The building was burned out and blackened. Away to the left stairs led up to a ragged second floor and he dove for them. Behind him, he could hear curses as his pursuers followed him through the solid surface. Eyes wide, he scrambled up the stairs and cut a hard right into what had obviously once been a nursery. Relic toys lay scattered on the ground, enough to bring him a small fortune at the local bazaar if he got out of here in one piece. The room’s real status was plain enough to see: blackened and empty, with jagged teeth of glass in the maw of its window. But the memories of someone’s childhood lingered here, in the form of ghostly furniture in faded pastels and a dangling, sad mobile. Phantom blocks scattered underfoot as Jeremiah stumbled in looking for escape, even as the pounding of feet on the stairs warned him that his pursuers were gaining on him.
A half-opened door on the far side of the room beckoned, and he dove in. Streaming light indicated the back wall of the closet he found himself in had been burned away, so he ducked under a rotting two by for (probably real, he noted to himself) and into the next room. Behind him he could hear voices in the room he’d just vacated. From the sound of things, the Renegades had paused to confiscate the relic toys.
Silently praying, Jeremiah didn’t dare move. Maybe the relics will be enough, he thought. Maybe they’ll give up. Maybe they’ll be satisfied with what they have. Ordinarily these three clowns wouldn’t have worried him quite so much. He knew enough Moliate to be nasty in a fight, and Jasper and company didn’t look like they knew much about tactics. If all things had been equal, he would have had no hesitation taking the Renegades on. But all things weren’t equal. He’d burned up most of his Pathos getting the single sock his contact wanted, and his Shadow was also getting perilously strong. If he got in a fight, it might get out, and then there’d really be hell to pay. He was tired, hurting and lost, and just wanted to escape. Maybe I’ll get lucky this time, please God, he thought.
He heard cautious footsteps in the closet. And maybe you’re just screwed, his Shadow hissed.
With a silent curse, Jeremiah backed toward the window. He didn’t want to have to jump and risk Discorporating himself into a Harrowing, but now he heard footsteps in the hall as well. He was boxed in.
He’d taken all of perhaps three step when Tre’ phased in through the hallway door. At the same time, Jasper and his friend emerged from the closet, their pockets bulging with stolen relics. “Playtime’s over, little wraith,” said Tre’ softly. “Time for us to take you to school.” A rag doll dangle half out of the pocket of his ragged biker jacket. Its head bobbed and lolled like the doll had been hanged, and its arms flopped with each step the Renegade took closer.
“Those are my toys. What are you doing with them?” It was a new voice, a little girl’s voice.
The little girl. Where the hell did she come from?, Jeremiah’s Shadow demanded, and he had no answer. Apparently the Renegades were just as stunned, as they stopped advancing and stared at the newcomer.
She appeared young, perhaps six or seven, and wore a blue frock. A headband pushed her long hair away from her face, and her features were pretty in a childish way. Mismatched striped socks were pulled up to the knees, and dirt-scarred Keds were on her feet. In her left hand was the ghost of a teddy bear.
Her eyes, though, were what scared Jeremiah. They seemed old, far too old for a little girl. They looked like they’d seen more than any little girl should have, alive or dead.
The Renegades didn’t seem impressed. Laughing, they started forward again.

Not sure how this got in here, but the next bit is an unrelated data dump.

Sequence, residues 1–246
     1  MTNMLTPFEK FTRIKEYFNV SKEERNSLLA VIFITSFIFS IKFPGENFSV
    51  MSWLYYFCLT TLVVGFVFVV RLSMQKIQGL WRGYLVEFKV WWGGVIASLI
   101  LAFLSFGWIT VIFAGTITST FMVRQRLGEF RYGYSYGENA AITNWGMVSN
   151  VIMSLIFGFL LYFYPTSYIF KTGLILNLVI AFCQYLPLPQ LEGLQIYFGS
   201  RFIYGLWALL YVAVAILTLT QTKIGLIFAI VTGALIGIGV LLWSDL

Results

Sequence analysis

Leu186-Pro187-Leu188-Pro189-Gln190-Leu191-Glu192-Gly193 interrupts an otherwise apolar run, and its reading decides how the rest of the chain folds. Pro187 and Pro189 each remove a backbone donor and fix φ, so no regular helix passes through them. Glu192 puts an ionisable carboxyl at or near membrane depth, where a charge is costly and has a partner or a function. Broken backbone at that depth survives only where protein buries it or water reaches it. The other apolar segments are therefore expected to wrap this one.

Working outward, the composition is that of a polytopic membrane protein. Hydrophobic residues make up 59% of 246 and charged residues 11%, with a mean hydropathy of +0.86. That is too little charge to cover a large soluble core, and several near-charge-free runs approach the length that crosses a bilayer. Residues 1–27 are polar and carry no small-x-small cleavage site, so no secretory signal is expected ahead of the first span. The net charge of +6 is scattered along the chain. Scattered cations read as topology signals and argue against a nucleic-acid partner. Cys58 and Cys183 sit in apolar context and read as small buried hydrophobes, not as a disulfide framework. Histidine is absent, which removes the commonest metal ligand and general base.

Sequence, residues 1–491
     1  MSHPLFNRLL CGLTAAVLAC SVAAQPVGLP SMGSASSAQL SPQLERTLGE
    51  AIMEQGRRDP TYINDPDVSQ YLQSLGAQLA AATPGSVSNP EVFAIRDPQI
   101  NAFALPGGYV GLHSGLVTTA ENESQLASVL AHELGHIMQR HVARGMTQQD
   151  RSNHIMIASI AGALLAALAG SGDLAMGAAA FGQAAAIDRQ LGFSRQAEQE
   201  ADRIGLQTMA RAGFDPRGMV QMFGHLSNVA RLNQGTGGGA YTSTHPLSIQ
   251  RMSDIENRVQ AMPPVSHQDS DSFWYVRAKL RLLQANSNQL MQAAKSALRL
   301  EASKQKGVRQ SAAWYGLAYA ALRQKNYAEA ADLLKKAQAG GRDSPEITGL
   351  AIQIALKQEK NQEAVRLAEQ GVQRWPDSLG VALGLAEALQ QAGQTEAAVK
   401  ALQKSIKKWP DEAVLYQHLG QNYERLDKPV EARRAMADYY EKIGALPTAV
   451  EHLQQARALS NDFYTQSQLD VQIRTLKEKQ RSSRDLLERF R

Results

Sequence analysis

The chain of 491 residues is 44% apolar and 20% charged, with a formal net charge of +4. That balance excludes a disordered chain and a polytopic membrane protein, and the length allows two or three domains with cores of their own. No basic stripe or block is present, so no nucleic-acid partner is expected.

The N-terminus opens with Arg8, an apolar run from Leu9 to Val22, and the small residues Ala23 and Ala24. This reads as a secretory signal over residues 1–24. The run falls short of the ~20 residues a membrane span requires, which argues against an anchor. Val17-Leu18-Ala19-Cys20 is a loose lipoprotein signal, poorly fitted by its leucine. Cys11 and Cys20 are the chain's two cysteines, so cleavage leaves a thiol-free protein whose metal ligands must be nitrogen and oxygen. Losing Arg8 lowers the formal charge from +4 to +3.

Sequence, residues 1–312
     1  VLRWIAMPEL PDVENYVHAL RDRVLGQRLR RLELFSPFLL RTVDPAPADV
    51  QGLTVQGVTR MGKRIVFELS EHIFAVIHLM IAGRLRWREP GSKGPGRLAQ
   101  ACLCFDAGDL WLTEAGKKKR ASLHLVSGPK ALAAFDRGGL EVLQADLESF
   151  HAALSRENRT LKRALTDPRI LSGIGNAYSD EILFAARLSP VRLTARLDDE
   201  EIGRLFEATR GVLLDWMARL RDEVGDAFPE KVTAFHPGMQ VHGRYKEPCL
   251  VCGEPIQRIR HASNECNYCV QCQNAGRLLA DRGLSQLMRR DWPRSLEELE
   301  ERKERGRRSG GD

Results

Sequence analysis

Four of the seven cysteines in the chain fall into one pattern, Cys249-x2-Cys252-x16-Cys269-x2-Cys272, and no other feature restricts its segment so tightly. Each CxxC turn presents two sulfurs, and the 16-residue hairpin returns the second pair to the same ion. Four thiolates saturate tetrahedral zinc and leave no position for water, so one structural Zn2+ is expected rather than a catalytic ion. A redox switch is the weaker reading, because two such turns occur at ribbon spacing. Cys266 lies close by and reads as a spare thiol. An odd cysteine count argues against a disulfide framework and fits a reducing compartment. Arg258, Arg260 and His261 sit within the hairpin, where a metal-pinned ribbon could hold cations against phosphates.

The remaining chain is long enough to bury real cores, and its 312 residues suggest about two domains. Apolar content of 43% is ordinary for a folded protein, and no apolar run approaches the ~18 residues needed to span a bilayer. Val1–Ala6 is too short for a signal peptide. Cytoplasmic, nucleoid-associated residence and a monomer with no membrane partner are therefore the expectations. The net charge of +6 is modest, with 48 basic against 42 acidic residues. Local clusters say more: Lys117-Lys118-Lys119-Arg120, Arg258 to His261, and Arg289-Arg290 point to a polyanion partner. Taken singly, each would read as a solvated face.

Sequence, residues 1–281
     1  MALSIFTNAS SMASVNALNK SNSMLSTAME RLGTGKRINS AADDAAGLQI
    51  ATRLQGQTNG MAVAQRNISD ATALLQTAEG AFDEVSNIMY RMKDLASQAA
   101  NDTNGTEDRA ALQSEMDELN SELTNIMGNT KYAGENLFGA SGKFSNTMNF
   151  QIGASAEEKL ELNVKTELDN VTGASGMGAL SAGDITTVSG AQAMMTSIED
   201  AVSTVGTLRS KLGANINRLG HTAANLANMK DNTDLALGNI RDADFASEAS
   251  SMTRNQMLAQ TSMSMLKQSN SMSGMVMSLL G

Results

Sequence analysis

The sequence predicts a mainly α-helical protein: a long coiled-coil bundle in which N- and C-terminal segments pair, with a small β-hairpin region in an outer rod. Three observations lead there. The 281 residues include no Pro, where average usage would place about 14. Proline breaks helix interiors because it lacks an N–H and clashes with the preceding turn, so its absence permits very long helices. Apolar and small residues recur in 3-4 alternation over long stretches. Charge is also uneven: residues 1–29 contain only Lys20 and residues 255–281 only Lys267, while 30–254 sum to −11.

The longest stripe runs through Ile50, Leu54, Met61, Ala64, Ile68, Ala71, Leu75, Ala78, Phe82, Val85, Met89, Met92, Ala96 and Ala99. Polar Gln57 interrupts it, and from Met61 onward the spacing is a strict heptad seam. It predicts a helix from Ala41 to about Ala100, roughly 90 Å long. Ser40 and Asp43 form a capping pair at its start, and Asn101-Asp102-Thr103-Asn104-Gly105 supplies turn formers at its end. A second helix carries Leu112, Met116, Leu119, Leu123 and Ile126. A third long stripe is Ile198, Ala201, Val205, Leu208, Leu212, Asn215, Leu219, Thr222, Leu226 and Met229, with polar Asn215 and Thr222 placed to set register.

The little girl took a step back. “This is my house. I didn’t invite you in here, and I want you to leave. Now.” There was steel in her voice, but the intruders missed it. Jeremiah started stepping back, too. Too quickly, though, his shoulder blades hit wall. There was nowhere to go.
“Tell you what, little girl.” Jasper was talking, using the want-some-candy-little-girl voice immortalized by a thousand TV perverts. “Why don’t you and your toys both come with us, and you can come play over at our place.” His left hand was behind his back, clutching a gently jingling pair of cuffs linked by black chain.
She appeared puzzled, even as the other two stifled titters of laughter. “Can my friend come, too?” she said, pointing at Jeremiah.
“Of course, and he’ll play with you, too. We’ll all play together.”
“I don’t know. I like to play here.”
“Yes, but our place has other toys that you’ll like. Doesn’t it, Tre’?”
Tre’ shook alert for a second. “Wh…yes, yes it does. Lots of toys.”
The little girl sighed and let her teddy bear drop to the floor. Jeremiah felt the strength leave him, and started turning to the window. It would be too late, though. He knew it. As if through a howling windstorm, he could hear the little girl speaking. She was saying, “Really, how stupid do you think I am?”
Then everything was happening, all at once. In slow motion Jeremiah saw Jasper leap for the little girl, saw Tre’ and the other Renegade lurching for him, felt his footing slip as he tried to leap for the window.
And he heard the little girl open her mouth and howl.
It was all the shrieks of all the pain of all the abused children in history. It was every sworn vengeance against a hated parent, and every cry of pain ever ripped out of the loser of a schoolyard fight. It was all of these and more, and the little girl turned it loose on three Renegades who thought she was easy prey.
Jasper, too close to flee, simply had his Corpus shredded away by the force of the scream. Before he’d ended his leap, he’d been flayed to shreds; the tattered remains drifting into a Nihil and down to a Harrowing. The other two turned to flee but never made it, as the howl wound its way around them.
Tre’ had been begging for mercy when the Nihil claimed him. The other went silently.
As for Jeremiah, caught in the storm, he felt the plasm bursting out of his eyes and ears, felt the terrible pain inside his mind, and he and his Shadow screamed as one as they fainted.
It must have been hours later when he awake, crammed into a chair made for a much smaller person. The little girls sat across from him at a relic table. A toy tea set had been set out in proper array between the two of them, and in a third chair to the side of the table, the teddy bear sat with an approving grin. Looking at him, the little girl smiled.
“Mommy always said to be polite to invited guests,” she said. “Now, do you have my sock?”